A re-approach to Shakespeare’s Hamlet sees events unfold through the gaze of his love interest, Ophelia.
Based on the young adult novel by Lisa Klein, interpreted by Australian director Claire McCarthy, it tells the story of a tomboy Ophelia who grows up to become a lady-in-waiting and marry her prince, all through a web of conspiracy and nuance. In this instance, Ophelia is not so much Shakespearean tragedy but more a light-hearted suspense drama.
Set in a Danish kingdom, a motherless young Ophelia, is taken in by Queen Gertrude (Naomi Watts) at Elsinore Castle. Fast forward to grown-up Ophelia (Daisy Ridley), the odd one out and picked on in a harem of ladies-in-waiting. Yet to their annoyance, her uniqueness carries most favour with the Queen. Ophelia captures the attention of buoyant Prince Hamlet (George Mackay) and a secret romance ensues. Ophelia and Hamlet secretly marry. Matters start to escalate in the royal court, as Hamlet’s father is murdered likely by his own brother Claudius (Clive Owen) who then proceeds to couple up with Gertrude, much to Hamlet’s horror. A lengthy battle around the kingdom unleashes, Hamlet flees for his life leaving Ophelia to deal with the wreckage.
At sparing moments, I was surprisingly taken in by the film’s pace and intrigue. More in the style of Agatha Christie ‘who done it’; as secret bilateral plots fester, conniving characters trying to undo each other, all under the veneer of royal decorum. There are some welcomed jiffies peppered throughout, even though thinly explored, that hint at the supernatural. Ophelia is frequently sent by the Queen to a hidden abode deep in the misty forest, the dwellings of what I assume is Gertrude’s identical twin sister; the witch Metchild (also played by Naomi Watts) to pick up her regular order of youth tonic.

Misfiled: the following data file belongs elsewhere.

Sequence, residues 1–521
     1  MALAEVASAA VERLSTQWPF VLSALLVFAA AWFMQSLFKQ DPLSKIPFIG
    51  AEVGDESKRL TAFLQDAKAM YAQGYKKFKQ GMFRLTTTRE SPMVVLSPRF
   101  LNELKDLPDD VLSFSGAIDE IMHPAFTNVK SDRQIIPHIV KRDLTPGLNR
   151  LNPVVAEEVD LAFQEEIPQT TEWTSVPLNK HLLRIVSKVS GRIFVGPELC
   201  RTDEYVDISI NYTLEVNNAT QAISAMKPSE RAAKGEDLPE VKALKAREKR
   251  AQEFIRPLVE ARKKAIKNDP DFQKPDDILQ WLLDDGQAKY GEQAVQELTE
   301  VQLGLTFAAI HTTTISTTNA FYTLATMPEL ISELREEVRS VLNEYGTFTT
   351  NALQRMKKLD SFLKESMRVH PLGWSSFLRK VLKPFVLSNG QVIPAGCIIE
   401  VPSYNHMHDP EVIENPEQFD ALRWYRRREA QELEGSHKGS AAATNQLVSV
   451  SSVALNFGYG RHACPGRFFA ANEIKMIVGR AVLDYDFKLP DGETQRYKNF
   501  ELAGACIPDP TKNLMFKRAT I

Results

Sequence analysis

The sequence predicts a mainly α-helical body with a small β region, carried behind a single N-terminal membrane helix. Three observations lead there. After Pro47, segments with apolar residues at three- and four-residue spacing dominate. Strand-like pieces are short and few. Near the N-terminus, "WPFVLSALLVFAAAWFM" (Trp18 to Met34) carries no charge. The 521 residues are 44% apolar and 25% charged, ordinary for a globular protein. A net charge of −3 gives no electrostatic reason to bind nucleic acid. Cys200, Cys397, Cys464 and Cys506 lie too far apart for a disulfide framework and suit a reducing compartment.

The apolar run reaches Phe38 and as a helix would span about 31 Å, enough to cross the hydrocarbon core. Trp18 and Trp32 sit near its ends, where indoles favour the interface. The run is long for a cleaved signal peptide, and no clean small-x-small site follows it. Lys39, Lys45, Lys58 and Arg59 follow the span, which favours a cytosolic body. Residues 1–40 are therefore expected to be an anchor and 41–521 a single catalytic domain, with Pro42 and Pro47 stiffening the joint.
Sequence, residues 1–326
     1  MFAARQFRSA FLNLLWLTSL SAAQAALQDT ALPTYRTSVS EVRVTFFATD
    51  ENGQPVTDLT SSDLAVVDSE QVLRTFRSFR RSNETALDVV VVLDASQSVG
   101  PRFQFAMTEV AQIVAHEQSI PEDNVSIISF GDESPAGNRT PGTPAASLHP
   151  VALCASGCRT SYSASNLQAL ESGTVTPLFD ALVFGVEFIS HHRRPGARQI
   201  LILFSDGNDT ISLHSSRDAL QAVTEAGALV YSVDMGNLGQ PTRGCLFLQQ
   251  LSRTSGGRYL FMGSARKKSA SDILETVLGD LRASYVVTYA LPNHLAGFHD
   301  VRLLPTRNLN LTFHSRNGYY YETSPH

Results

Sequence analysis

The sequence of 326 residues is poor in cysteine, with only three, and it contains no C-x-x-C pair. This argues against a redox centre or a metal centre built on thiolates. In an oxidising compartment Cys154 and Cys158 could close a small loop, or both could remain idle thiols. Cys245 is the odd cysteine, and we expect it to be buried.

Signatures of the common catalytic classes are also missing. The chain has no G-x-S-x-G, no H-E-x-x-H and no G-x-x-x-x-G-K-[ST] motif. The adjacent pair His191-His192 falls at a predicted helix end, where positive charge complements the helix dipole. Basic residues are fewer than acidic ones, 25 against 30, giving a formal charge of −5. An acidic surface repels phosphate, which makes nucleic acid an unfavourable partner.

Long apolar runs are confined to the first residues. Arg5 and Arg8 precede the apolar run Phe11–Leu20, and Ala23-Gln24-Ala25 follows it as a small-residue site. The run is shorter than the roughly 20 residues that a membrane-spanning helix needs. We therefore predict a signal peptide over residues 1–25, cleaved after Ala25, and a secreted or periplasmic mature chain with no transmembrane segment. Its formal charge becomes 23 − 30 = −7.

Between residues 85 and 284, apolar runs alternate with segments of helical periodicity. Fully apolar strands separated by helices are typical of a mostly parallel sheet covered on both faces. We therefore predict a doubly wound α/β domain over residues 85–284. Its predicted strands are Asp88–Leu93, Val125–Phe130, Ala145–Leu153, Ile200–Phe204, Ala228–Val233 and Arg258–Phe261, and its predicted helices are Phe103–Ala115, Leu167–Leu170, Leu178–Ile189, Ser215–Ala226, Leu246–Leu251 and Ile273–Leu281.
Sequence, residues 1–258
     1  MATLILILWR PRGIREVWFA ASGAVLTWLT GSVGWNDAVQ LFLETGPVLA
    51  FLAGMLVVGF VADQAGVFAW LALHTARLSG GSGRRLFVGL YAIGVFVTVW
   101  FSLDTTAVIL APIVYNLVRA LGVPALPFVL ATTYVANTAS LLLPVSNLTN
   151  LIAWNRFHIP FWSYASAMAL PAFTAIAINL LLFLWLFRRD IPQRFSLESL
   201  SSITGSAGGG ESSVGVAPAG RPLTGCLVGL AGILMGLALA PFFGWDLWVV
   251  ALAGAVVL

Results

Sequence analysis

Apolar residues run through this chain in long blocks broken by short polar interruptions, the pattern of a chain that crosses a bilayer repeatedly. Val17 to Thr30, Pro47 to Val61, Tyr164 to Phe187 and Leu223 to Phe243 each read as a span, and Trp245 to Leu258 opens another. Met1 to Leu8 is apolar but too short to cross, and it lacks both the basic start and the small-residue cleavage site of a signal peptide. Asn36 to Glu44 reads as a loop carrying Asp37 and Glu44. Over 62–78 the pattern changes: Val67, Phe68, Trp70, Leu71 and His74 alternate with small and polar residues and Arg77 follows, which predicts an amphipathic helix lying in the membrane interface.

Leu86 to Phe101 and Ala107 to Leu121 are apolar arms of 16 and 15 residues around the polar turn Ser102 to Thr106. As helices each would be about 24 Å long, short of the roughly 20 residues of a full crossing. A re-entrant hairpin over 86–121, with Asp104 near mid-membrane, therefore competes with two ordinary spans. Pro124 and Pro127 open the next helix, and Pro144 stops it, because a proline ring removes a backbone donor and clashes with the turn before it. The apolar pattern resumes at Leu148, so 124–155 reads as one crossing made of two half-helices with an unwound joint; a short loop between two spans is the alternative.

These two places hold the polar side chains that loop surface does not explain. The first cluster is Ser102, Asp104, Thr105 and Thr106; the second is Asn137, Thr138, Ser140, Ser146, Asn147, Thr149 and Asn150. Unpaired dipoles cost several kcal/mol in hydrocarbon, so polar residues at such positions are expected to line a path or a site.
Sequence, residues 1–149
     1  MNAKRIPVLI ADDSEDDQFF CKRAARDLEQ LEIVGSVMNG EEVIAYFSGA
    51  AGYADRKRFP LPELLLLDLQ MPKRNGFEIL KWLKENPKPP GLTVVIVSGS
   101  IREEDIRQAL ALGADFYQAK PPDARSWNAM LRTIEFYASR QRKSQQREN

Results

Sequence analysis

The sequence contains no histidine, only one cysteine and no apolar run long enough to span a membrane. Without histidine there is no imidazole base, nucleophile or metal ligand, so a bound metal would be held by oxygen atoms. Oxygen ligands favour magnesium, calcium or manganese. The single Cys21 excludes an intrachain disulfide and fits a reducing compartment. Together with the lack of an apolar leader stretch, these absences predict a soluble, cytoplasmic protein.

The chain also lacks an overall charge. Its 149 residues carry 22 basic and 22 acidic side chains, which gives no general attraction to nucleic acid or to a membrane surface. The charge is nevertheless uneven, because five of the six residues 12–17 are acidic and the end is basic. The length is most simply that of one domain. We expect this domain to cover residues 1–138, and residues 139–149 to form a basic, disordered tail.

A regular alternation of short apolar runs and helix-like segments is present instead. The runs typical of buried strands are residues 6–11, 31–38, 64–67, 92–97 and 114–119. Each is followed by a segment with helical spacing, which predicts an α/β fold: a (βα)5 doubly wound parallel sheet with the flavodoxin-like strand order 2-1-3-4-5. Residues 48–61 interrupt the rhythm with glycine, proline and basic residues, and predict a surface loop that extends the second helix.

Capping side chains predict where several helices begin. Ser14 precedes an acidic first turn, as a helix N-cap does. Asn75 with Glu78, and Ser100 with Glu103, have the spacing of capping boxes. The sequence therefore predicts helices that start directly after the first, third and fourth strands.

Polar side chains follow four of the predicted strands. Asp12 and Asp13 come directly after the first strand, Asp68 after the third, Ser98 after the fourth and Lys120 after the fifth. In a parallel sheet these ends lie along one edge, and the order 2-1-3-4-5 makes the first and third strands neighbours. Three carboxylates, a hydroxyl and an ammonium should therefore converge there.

Yet the overall sensation whilst watching Ophelia is one of matters feeling drawn out and lagging. Plot points over-explained; possibly in an effort to resemble the style of the original play. Also, the bizarre occurrences of what can only be described as editing mishaps, a possible symptom in the director’s efforts to speed things up or pack in as much possible. Some scenes jump from one to the next without a smooth gradation, jolting you out of your watching experience. However, this pales in comparison to the film’s bigger irritant, the writing. This is a faux Shakespeare dialogue that continually switches to present day lingo, proving even more distracting.
Ridley’s Ophelia is commendable; giving depth, complexity and a tranquil stealth that challenges the misogyny of the status quo. Mackay ‘s Hamlet is entertaining but just too bouncy and over theatrical. Watts unfortunately feels miscast, not so much due to her acting, which is expectedly good and admittedly she is working with a rather problematic script, but it’s her appearance and fashion. She looks too modern, even in the elaborate period costume. A make-up or wardrobe malfunction? That could further explain Metchild’s budget looking sorceress get-up; something out of a school play rather than a Hollywood movie.
Premiering at Sundance 2018, Ophelia has not seen the light of day till now, suggesting at possible troubles getting picked up, despite its prominent cast. After seeing the film, I somewhat agree with the possible reluctance of distributors but not wholeheartedly, as it can be saved by Ridley’s understated performance and McCarthy’s engaging if uneven efforts to shake things up.